Prime Minister Dr Keith Rowley

Prime Minister Dr Keith Rowley

Trinidad and Tobago is now under a state of emergency.

A curfew is also in effect, requiring citizens to stay in their homes between the hours of 9 p.m. and 5 a.m., with exceptions made for essential workers.

Prime Minister Dr Keith Rowley announced the measures yesterday, one day after the business community called for an state of emergency and curfew to be implemented in an effort to bring the Covid-19 case count under control.

Speaking during a news conference at the Diplomatic Centre in St Ann’s Rowley said the move became necessary in light of the high numbers of cases and the rising death toll, which saw 21 deaths being recorded in a single day last week.

“Very soon we would be happy when it’s only 21 because it could go to a number where only 21 is a great improvement,” Rowley said.

The state of emergency took effect from midnight last night, and is to remain in place until further notice.

“So, if you don’t have to be out for exempted reasons, you stay home under force of law,” Rowley stressed.

The Prime Minister thanked the business community for voicing its support for the measures, and noted there had been a turnaround by some people who were initially opposed to stricter restrictions.

He said the turnaround comes as the Covid-19 figures became names and faces of people and loved ones.

“Today in Trinidad and Tobago we have a population that is running scared,” he said.

“I woke up yesterday and people were telling me to press the panic button. I’m sorry it has come to coffins and the faces of dead people to realise that we have always been in a very difficult place.”

Rowley said the energy sector, food supply chain, pharmacies, public and private transport will be exempted.

And he stressed that there is no need to rush to supermarkets and gas stations to panic buy. These services will remain open.

A full list of exempted services is to be released soon, he added.

In addition to the curfew, all face-to-face classes in secondary schools have been stopped. Pupils scheduled to write the CSEC and CXC exams were up until now being allowed to have physical classes in preparation for the exams.

Rowley said this would be halted and the Ministry of Education would advise as to any further plans.

The Ministry of Education will also advise, sometime next week, on plans for the Secondary Entrance ­Assessment (SEA) exam, which has been scheduled for June 10.

Rowley urged the population to be responsible and adhere to the measures under the state of emergency.

T&T last declared a state of emergency in 2011, in response to a wave of crime. Under the then-Kamla Persad-Bissessar government, dozens of people were arrested under the Anti-­Gang Act.

That state of emergency lasted just over three months. Most of those arrested were eventually released, after it was determined there was insufficient evidence to justify their detainment.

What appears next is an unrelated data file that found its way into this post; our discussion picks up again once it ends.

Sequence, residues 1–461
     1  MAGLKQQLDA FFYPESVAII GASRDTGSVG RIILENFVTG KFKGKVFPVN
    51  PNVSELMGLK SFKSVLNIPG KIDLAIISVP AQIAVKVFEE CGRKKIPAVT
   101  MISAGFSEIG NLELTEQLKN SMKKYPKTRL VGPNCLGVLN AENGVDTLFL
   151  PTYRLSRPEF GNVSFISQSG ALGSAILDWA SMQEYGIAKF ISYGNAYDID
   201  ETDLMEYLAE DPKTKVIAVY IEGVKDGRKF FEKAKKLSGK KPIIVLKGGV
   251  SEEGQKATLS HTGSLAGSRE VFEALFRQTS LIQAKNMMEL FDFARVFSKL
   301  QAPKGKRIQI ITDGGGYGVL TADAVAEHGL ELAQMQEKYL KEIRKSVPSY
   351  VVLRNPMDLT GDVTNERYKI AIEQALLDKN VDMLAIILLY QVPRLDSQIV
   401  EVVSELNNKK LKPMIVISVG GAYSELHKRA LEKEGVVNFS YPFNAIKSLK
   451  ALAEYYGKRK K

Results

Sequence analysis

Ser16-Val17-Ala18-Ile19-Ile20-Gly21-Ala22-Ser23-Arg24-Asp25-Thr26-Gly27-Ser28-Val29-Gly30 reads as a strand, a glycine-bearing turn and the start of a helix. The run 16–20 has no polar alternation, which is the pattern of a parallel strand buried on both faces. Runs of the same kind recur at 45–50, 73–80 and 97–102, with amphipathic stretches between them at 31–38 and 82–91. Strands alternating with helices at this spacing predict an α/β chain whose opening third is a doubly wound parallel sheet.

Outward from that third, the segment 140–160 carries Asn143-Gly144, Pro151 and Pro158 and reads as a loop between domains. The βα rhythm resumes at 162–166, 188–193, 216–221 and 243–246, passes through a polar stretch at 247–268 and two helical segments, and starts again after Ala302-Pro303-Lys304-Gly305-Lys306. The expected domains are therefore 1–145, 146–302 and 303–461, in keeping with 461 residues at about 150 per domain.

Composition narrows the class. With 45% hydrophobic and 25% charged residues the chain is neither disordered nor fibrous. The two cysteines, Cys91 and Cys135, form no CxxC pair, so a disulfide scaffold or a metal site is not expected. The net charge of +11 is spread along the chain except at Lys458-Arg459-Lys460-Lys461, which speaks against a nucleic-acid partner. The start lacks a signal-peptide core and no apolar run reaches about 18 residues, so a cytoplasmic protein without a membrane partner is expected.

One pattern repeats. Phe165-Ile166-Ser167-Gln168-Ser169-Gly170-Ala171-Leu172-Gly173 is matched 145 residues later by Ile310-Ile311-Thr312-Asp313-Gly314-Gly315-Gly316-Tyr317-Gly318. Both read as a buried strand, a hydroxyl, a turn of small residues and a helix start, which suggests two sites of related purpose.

Some took legal action against the State and won settlements.

Questioned what would be in place to ensure the state of emergency goes smoothly this time around, Rowley noted this state of emergency is taking place under completely different circumstances.

“None of us in this country have ever been in a state of emergency during a pandemic. Use that as your guide,” he said.

“This is not a comparison of another state of emergency. This situation calls for this, and the length of it will be determined by the response that we get. I’m saying the more co-operative the response, the shorter will be the period.”


Three Opposition MPs are calling on the Government and the Water and Sewerage Authority (WASA) to have a heart and stop disconnecting the water supply of errant customers during the Covid-19 pandemic.

Barataria/San Juan MP Saddam Hosein yesterday wrote to WASA’s executive director Lennox Sealey urging him to suspend the drive and display humanity as people are suffering and strapped for cash in the pandemic given the lockdowns.

The same UNC people calling on the Government to instruct WASA to hold its hand on debt collection are the same ones who complain in the Parliament and elsewhere that they constituents are not getting water.

“You cannot have it both ways. You cannot have your cake and eat it,” Public Utilities Minister Marvin Gonzales said yesterday, as he responded to calls from several UNC MPs to grant a moratorium on the payment of water rates and stop its disconnection drive during the pandemic because people are under pressure.

Smooth sailing.

Braving inclement weather, Barataria resident Kenneth Campbell, 84, boasted he had gotten his second Sinopharm vaccine at Barataria Health Centre yesterday.

While awaiting his driver, Campbell, father of late forest ranger Keith Campbell (who was killed in the line of duty in 2016), said: “The first vaccine, I got was from a man. I did not feel it. The second vaccine was from a woman, and I felt it. It went well.”

Starting Wednesday and yesterday, he was among thousands of elderly citizens (age 65 and up) who got vaccines under the Health Ministry’s “Triple E System—the Elderly Express Experience.”

Commissioner of Police Gary Griffith is reminding citizens that patrols will be out prior to and during the enforcement of this weekend’s extended curfew.

In a media release issued yesterday, Griffith noted the actions and comments of “social media trained law enforcement experts”, who appeared to be questioning the rationale in implementing roadblocks throughout the country.

Time is critical if you are searching for a missing loved one.

Kelvin Ballantyne had been missing for about three months from his Tobago home before his family members in Trinidad were informed that he had disappeared.

Kelvin, also known as “Redman”, is described by his sister, Cindy Noel, as “one of the most well-known people in Lambeau, and maybe even across the island because of his job as an electrician”.